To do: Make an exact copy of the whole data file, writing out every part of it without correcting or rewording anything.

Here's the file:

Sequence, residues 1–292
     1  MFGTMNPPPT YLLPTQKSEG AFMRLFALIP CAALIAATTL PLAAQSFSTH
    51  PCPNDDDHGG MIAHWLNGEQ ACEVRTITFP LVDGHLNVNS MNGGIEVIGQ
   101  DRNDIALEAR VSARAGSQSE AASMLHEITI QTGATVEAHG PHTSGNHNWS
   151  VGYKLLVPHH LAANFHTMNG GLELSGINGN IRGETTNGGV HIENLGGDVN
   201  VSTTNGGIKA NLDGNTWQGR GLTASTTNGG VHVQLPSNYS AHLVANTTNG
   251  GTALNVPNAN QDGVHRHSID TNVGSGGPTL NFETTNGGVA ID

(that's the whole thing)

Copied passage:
Sequence, residues 1–292
     1  MFGTMNPPPT YLLPTQKSEG AFMRLFALIP CAALIAATTL PLAAQSFSTH
    51  PCPNDDDHGG MIAHWLNGEQ ACEVRTITFP LVDGHLNVNS MNGGIEVIGQ
   101  DRNDIALEAR VSARAGSQSE AASMLHEITI QTGATVEAHG PHTSGNHNWS
   151  VGYKLLVPHH LAANFHTMNG GLELSGINGN IRGETTNGGV HIENLGGDVN
   201  VSTTNGGIKA NLDGNTWQGR GLTASTTNGG VHVQLPSNYS AHLVANTTNG
   251  GTALNVPNAN QDGVHRHSID TNVGSGGPTL NFETTNGGVA ID